Put Your IDE in a Container
Apache Guacamole is an incubating Apache project that enables X window applications to be exposed via HTML5 and accessed via a browser. This article shows how Guacamole can be run inside containers in an OpenShift Container Platform (OCP) cluster to enable Red Hat JBoss Developer Studio, the eclipse-based IDE for the JBoss middleware portfolio, to be accessed via a web browser. You’re probably thinking “Wait a minute… X windows applications in a container?” Yes, this is entirely possible and this post will show you how. Bear in mind that tools from organizations like CODENVY can provide a truly cloud-ready IDE. In this post, you’ll see how organizations that have an existing well-established IDE can rapidly provision developer environments where each developer only needs a browser. JBoss Developer Studio includes a rich set of integration tools and I’ll show how those can be added to a base installation to support middleware products like JBoss Fuse and JBoss Data Virtualization.
How does Apache Guacamole work?
Apache Guacamole consists of two main components, the Guacamole web application (known as the guacamole-client) and the Guacamole daemon (or guacd). An X windows application runs in an Xvnc environment with an in-memory only display. The guacd daemon acts as an Xvnc client, consuming the Xvnc events and sending them to the Tomcat guacamole-client web application where they are then rendered to the client browser as HTML5. Guacamole also supports user authentication, multiple sessions, and other features that this article only touches on. The Apache Guacamole website has more information.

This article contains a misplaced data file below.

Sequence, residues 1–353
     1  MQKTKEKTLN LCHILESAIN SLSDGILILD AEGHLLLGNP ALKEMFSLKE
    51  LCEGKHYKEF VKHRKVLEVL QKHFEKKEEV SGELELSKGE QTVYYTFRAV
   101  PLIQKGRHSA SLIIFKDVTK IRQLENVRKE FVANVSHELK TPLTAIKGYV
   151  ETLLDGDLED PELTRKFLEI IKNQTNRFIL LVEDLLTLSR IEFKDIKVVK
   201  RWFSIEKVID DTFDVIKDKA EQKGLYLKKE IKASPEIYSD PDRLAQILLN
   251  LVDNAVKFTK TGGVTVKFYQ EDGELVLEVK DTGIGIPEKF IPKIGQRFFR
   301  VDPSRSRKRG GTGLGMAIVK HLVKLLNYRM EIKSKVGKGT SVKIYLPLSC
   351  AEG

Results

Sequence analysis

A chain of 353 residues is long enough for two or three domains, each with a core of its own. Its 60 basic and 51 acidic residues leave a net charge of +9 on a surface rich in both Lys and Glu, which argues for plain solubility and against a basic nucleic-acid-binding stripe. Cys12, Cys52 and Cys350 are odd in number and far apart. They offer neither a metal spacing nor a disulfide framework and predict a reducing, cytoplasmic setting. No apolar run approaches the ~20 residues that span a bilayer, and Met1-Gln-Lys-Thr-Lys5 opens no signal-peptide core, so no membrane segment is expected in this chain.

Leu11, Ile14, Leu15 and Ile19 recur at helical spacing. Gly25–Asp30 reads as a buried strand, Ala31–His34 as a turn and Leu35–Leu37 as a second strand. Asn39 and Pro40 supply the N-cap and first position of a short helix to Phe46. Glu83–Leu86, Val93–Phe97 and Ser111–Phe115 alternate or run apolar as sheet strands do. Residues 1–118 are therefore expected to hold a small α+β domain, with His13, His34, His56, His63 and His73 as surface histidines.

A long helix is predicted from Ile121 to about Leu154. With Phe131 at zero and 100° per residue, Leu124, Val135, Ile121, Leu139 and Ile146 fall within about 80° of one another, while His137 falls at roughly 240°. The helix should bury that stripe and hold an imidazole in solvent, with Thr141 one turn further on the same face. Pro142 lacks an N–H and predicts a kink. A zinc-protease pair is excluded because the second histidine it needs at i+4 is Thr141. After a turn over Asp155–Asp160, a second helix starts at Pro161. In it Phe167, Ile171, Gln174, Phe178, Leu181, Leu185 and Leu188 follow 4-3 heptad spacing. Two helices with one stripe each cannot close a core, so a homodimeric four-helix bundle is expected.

Log in to OpenShift Container Platform
This was tested on a cloud-based OpenShift installation as well as a laptop using the Red Hat Container Development Kit. This article uses CDK 3, so please adjust accordingly if using an alternative OpenShift Container Platform installation. CDK3 leverages the
minishift command to stand up a virtual machine for OCP:
minishift setup-cdk --default-vm-driver virtualbox minishift start --cpus 4 --disk-size 50g --memory 10240 --username 'RHN_USERNAME' --password 'RHN_PASSWORD'
RHN_PASSWORD credentials above with your login credentials from either the Red Hat Developer’s Portal or the Red Hat Customer Service Portal. You also may need to change the command line flags or set additional command line flags for your environment. You can see all the options for the
minishift commands by adding the
Make sure to also add the
oc command to your executable search path. On my laptop, the path is
$HOME/.minishift/cache/oc/v220.127.116.11/oc. Use whatever path is appropriate for your minishift installation. Minishift provides an easy way to do this automatically, via the command: